Sharon Washington, Bowman Wright, Joneice Abbot-Pratt & Forrest McClendon in Seven Guitars.
Photo-Bill Brymer


Seven Guitars

By August Wilson
Directed by Colman Domingo

Review by Keith Waits

Entire contents copyright © 2015 by Keith Waits. All rights reserved

I am always excited by the opportunity to see an August Wilson play. Only Actors Theatre has managed to deliver them to Louisville audiences, the most recent having been an outstanding production of Ma Rainey’s Black Bottom in 2010. Now we have Seven Guitars to feast upon.

Seven Guitars is a 1995 play set in the year 1948, making it the1940s entry in Wilson’s “Pittsburgh Cycle”, a decade-by-decade anthology of African-American life in Pittsburgh, PA during the twentieth century. It won both the Pulitzer Prize and the Tony Award for Best Play and this production shows us why.

The play takes place in a Pittsburgh backyard, vividly realized in William Boles’ expressionistic set design. It opens on an upbeat, celebratory note as blues musician Floyd “Schoolboy” Barton (J. Alphonse Nicholson) finds himself with a hit record. He is intent on returning to Chicago to record again with his friends Canewell (Forrest McClendon) and Red Carter (Bowman Wright) but also with his girl, Vera (Joneice Abbott-Pratt). Vera is not at all certain she wants to go anywhere with Floyd, whose previous time in Chicago was spent in the company of another woman.

Act One is a long, slow burn; ninety minutes of richly detailed character introduction and subtle exposition wherein Wilson determinedly avoids traditional narrative momentum. It’s bold and risky but Wilson is playwright enough to pull it off. The audience is pulled fully into the lives of these seven characters, including neighbor Louise (Sharon Washington), the sexually provocative Ruby (Joaquina Kalukango), and the aging Hedley (Harold Surratt). Although simply listed as “Hedley”, the character speaks powerfully about the personal and cultural connotations of his first name, King, and we know that one of the other plays in this cycle is King Hedley II, lending him a mythic aspect that singles him out from the rest. Mr. Surratt takes the full measure of Hedley in a volcanic performance

Otherwise Wilson cherishes each of his characters and allows each generous time to have individual impact, so that the exemplary ensemble cast is not easily singled out for acknowledgement. They all deliver beautiful, nuanced work. They are also a group that knows how to enter the scene with insight, important in a play that uses such entrances strategically.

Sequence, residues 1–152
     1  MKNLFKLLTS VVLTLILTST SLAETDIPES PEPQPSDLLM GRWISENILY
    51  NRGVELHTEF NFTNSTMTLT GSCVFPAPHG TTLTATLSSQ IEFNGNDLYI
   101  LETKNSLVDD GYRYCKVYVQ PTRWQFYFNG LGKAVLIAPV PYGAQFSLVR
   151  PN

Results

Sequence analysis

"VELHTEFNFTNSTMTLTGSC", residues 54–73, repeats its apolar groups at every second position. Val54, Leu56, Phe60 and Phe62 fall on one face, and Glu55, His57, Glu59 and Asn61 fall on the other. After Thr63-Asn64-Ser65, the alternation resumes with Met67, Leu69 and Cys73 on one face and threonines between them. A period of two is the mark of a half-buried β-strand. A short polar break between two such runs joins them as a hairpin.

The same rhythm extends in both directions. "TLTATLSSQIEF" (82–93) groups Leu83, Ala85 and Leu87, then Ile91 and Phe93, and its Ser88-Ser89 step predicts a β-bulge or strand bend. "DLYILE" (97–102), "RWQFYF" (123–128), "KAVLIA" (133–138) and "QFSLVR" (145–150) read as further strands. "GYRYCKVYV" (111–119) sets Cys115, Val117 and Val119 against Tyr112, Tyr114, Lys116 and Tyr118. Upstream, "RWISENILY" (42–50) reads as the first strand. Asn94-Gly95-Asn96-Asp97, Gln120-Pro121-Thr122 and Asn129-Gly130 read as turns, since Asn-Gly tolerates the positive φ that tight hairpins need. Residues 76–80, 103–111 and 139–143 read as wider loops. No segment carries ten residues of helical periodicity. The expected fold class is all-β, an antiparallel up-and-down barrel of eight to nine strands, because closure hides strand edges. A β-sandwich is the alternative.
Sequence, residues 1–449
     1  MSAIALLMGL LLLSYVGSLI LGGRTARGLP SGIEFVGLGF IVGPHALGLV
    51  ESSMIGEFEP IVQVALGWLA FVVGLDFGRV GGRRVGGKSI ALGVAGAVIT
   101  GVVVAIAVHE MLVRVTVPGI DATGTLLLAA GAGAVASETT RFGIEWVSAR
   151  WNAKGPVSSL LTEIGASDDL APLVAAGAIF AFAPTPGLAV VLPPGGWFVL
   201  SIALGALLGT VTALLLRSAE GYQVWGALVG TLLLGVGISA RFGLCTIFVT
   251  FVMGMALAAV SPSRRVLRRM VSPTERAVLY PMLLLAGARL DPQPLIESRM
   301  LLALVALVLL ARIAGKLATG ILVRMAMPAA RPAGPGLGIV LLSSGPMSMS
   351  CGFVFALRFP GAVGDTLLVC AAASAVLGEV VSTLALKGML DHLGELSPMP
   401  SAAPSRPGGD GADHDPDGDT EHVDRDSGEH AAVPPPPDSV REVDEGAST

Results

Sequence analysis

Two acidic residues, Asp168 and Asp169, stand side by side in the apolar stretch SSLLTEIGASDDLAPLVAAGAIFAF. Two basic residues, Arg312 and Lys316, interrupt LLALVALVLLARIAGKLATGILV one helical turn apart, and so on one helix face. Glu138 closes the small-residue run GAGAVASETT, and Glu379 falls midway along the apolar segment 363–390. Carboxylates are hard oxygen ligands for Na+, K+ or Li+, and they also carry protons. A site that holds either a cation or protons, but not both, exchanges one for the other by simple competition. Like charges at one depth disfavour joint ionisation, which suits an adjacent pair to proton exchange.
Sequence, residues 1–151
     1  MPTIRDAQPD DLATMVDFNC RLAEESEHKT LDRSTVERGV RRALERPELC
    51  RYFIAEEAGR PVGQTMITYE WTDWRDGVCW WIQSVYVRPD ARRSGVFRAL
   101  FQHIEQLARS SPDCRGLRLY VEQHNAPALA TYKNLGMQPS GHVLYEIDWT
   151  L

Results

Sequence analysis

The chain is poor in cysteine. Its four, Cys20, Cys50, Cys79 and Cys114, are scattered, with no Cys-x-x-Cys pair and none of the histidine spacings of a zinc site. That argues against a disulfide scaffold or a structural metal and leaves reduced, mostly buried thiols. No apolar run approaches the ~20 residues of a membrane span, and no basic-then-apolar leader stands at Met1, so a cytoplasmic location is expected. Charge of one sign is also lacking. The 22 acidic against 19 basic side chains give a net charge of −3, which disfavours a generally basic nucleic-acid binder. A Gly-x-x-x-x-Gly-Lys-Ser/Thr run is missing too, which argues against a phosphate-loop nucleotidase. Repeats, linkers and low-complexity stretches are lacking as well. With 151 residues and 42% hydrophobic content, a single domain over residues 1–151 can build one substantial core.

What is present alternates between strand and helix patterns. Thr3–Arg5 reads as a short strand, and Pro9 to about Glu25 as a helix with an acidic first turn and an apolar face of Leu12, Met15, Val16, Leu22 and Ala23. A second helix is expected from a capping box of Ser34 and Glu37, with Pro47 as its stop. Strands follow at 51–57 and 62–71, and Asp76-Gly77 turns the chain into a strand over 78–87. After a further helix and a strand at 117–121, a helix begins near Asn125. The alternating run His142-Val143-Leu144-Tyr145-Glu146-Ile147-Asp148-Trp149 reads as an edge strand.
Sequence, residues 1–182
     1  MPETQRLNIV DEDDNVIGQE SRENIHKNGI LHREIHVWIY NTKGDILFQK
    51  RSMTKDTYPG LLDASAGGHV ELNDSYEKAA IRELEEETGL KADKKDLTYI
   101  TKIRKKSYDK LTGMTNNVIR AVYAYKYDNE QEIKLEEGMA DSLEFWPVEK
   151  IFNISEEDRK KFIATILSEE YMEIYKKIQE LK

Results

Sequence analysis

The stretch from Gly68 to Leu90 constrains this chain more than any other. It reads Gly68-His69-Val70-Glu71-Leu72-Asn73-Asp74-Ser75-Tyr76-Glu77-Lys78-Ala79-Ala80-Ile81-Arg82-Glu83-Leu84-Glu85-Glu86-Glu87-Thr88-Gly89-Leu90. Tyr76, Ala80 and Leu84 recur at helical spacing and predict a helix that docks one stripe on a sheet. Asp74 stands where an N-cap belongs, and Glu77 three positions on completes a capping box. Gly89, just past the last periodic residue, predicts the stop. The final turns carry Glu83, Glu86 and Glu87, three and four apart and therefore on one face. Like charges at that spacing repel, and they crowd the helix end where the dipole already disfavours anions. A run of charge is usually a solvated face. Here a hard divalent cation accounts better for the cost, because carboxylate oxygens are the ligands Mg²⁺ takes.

Wilson’s importance as an African-American writer is obvious, yet it is not just the examination of Black History in America that merits his position as the pre-eminent playwright of color in contemporary theatre. Seven Guitars is an intimate epic, a close study of a small group of characters that taps into grandiloquent themes of identity for African-Americans in general and men in particular. King Hedley’s dialogue about the respect his name demands encapsulates a powerful sense of pride, dignity and self-respect that strikes at the heart of the emasculation of a race within American society without becoming preachy. Hedley is so complex and original a creation one could write volumes deconstructing this one, singular character.

Costumes from Kara Harmon were perfect period recreations and potent reinforcement of characterization, while Kathy A. Perkins’ lighting and Christian Frederickson’s sound design solidified the tragic beauty of the design work. We have come, over the years, to expect such a high level of quality in design work at Actors Theatre, but this production forcefully reminds us again.

Seven Guitars delivers everything one could want to find in a theatre today: thoughtful and provocative writing staged and played in nearly flawless fashion. It is a strong, challenging opening salvo for the new season.

Seven Guitars

September 1 – 20, 2015

Actors Theatre of Louisville
316 West Main Street
Louisville, Kentucky 40202
502- 584-1205


Keith[box_light]Keith Waits is a native of Louisville who works at Louisville Visual Art during the days, including being one of the hosts of PUBLIC on ARTxFM, but spends most of his evenings indulging his taste for theatre, music and visual arts. His work has appeared in Pure Uncut Candy, TheatreLouisville, and Louisville Mojo. He is now Managing Editor for[/box_light]